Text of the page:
The entire surgical world seems to be revolving around morbid obesity. We have come to understand the meaning of ghrelin and its potential role in the surgery of morbid obesity. Now we have, through Dr Lin and his associates, the first article dealing with the effects of dividing the stomach on reducing ghrelin levels in humans. This may explain, in part, the loss of hunger sensation and rapid weight loss following gastric bypass surgery.
Major pelvic fracture with bleeding is a problem faced periodically by trauma surgeons. Kimbrell et al have analyzed their data to note that among trauma patients with significant pelvic fractures, those who are 60 years and older have a very high likelihood of active retroperitoneal bleeding and may well require arteriographic embolization regardless of presumed hemodynamic stability.
Schmidt et al present the problems associated with 516 consecutive patients undergoing a Whipple procedure. With a mean age of 58 years, it was found that 57% had periampullary cancers and 22% were operated on for chronic pancreatitis, 12% for cystic neoplasms, 4% for islet cell neoplasms, and 5%, other. Half of the patients had pylorus-sparing operations, and the operating time was 5 hours with 1.5 U of blood transfused. Postoperatively, complications occurred in 43% of patients including cardiopulmonary in 15% and leak or fistula formation in 9%. Perioperative mortality was 3.9% overall. Survival was high, and adjuvant therapy did not improve survival. They did demonstrate that long-term survival can be predicted by preoperative laboratory results, intraoperative factors, and pathologic characteristics. A worthwhile exercise.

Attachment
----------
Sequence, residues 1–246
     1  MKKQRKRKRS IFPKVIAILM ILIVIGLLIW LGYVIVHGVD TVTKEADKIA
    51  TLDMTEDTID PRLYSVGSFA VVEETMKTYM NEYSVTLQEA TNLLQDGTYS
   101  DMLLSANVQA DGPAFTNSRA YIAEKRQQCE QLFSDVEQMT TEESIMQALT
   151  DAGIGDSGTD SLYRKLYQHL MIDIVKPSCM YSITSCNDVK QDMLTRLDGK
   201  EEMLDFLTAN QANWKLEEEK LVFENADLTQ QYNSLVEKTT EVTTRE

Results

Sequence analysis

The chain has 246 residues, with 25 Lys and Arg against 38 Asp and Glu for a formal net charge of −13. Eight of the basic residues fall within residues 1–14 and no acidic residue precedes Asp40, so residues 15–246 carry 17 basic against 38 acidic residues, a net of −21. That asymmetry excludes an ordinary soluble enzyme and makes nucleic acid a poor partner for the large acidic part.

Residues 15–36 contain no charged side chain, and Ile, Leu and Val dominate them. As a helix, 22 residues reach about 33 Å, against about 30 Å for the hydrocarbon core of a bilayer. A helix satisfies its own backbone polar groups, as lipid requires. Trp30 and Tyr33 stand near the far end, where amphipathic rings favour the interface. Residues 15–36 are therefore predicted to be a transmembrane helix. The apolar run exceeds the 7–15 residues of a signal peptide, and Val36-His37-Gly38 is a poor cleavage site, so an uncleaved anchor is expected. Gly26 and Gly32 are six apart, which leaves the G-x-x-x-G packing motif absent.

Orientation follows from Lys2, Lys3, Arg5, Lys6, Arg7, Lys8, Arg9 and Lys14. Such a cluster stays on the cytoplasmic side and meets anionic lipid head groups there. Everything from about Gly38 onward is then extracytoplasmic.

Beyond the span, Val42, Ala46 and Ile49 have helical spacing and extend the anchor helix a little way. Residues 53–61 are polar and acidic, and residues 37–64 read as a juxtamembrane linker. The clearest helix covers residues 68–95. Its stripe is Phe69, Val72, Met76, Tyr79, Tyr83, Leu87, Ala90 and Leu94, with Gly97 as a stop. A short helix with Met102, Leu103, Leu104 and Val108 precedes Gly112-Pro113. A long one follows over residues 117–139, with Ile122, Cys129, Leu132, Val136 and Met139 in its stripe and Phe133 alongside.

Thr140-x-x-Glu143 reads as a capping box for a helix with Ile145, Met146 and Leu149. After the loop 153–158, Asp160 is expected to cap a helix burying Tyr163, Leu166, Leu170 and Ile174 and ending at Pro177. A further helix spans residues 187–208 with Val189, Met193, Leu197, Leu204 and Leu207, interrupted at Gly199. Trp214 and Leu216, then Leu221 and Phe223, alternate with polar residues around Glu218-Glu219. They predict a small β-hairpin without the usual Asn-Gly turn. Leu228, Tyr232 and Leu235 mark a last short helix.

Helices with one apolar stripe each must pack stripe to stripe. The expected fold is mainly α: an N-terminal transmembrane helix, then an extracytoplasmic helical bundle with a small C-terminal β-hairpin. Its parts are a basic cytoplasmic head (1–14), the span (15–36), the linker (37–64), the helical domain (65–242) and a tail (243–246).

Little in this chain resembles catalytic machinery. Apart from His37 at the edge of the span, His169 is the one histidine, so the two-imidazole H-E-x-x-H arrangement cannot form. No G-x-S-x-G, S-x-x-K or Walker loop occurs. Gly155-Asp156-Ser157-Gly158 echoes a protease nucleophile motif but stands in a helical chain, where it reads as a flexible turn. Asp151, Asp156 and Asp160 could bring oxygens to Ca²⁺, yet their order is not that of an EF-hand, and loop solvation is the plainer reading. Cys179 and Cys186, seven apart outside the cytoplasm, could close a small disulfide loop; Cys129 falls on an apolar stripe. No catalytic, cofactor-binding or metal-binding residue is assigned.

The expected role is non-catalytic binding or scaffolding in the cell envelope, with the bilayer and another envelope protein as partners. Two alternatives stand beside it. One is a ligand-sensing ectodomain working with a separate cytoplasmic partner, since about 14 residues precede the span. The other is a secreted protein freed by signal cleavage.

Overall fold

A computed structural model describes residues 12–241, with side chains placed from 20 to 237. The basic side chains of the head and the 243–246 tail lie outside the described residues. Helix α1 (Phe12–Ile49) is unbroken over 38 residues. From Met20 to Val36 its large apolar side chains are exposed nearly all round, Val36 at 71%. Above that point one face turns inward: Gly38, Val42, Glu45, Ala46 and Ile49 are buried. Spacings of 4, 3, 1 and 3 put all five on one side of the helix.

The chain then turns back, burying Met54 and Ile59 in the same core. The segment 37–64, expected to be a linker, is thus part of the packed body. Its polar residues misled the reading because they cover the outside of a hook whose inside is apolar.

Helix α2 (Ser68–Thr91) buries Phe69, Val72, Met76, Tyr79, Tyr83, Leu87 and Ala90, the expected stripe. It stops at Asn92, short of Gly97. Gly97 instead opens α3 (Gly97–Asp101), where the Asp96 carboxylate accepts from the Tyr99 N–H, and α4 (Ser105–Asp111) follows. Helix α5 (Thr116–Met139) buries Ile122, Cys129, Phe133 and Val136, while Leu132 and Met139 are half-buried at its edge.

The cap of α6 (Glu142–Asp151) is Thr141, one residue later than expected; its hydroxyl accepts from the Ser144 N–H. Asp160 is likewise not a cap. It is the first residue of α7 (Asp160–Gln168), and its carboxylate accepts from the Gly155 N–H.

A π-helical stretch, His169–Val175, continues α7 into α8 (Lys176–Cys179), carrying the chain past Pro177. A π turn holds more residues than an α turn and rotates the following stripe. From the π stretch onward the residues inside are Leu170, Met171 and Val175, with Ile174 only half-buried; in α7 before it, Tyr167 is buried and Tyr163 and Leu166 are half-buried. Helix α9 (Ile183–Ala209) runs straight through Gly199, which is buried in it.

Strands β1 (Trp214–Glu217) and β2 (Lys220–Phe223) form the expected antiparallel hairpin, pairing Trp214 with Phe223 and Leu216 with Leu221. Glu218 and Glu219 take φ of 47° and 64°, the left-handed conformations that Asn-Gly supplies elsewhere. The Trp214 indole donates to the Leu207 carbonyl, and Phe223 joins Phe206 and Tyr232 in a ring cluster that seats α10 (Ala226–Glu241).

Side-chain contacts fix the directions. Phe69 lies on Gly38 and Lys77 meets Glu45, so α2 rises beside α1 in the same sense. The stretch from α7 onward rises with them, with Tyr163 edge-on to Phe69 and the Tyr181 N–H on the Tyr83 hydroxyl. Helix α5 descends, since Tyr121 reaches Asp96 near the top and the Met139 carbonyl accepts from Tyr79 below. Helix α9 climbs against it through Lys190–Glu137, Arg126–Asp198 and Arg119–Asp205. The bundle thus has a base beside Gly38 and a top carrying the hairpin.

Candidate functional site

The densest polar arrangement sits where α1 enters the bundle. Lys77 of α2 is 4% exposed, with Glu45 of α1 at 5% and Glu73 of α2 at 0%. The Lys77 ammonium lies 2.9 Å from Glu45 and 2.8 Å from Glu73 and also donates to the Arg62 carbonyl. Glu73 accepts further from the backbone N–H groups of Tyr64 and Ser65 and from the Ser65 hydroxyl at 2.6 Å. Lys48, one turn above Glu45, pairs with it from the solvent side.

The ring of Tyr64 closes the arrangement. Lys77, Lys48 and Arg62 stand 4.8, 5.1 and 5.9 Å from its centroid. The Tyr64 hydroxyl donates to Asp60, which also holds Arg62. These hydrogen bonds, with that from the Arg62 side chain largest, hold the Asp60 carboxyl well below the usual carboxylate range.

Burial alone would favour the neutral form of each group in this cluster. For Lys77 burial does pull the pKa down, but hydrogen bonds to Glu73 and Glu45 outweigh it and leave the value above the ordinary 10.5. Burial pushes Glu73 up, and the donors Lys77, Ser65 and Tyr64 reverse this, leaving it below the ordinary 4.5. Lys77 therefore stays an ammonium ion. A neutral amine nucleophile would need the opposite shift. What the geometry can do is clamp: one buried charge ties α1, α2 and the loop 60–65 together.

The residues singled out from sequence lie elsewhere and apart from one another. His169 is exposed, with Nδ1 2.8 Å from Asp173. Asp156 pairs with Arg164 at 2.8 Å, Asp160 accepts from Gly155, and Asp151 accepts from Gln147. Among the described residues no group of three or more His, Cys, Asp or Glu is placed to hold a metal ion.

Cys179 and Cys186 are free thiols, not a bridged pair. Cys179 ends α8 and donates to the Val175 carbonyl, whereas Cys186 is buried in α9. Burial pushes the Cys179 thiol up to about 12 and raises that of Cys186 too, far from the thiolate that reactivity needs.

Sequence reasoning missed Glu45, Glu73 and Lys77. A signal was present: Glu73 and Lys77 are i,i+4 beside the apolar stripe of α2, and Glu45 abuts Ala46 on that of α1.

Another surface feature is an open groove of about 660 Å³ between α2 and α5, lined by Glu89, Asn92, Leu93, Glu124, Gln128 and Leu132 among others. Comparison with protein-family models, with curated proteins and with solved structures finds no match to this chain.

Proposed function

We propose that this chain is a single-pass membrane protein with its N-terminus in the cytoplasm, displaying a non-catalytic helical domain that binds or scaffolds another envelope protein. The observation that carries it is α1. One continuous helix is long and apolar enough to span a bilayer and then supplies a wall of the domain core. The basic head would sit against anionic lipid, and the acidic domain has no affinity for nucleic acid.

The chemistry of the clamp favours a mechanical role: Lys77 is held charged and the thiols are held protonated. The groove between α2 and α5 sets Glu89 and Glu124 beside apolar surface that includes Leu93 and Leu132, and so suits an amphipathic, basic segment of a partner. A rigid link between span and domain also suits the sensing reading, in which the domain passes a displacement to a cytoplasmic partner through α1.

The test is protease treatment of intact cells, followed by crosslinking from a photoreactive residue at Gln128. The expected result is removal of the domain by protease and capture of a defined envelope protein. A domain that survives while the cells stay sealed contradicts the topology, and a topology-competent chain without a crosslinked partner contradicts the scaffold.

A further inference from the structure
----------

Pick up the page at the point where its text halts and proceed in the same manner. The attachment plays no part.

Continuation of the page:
Dr Hamoui and his associates have attempted to bring genetic factors into the discussion of the progression of change in the esophagus eventually leading to carcinoma. They noted a correlation of genetic changes and increased acid exposure in patients with reflux symptoms. The changes in gene expression occur before metaplastic changes in the tissue are apparent and may be helpful in predicting which patients will progress through a metaplasia-dysplasia-carcinoma sequence.
This article illustrates the correct way to carry out a truly double-blind, prospective, randomized study, which all surgeons should appreciate. The study yielded nothing of real consequence to the surgeon even though laparoscopic cholecystectomy with warmed, humidified carbon dioxide had several advantages that were statistically significant (eg, less pain at 14 days postoperatively).
From Barcelona, Spain, comes this exposition regarding a safe, simpler way to find a dissection plane around the facial nerve, especially in parotid surgery. The technique was developed after the dissection of 79 facial nerves, through a 3-cm skin incision, in the center of a triangle formed by the temporomandibular joint, the mastoid process, and the angle of the mandible. This allows for a fast and safe identification of the nerve. See also the Invited Critique by Dr Raymond L. Hilsinger, Jr, a parotid surgeon and teacher.
Metcalfe et al of Australia review the proper surveillance after an initial hepatic resection for colorectal metastases.
This Month in Archives of Surgery. Arch Surg. 2004;139(7):705. doi:10.1001/archsurg.139.7.705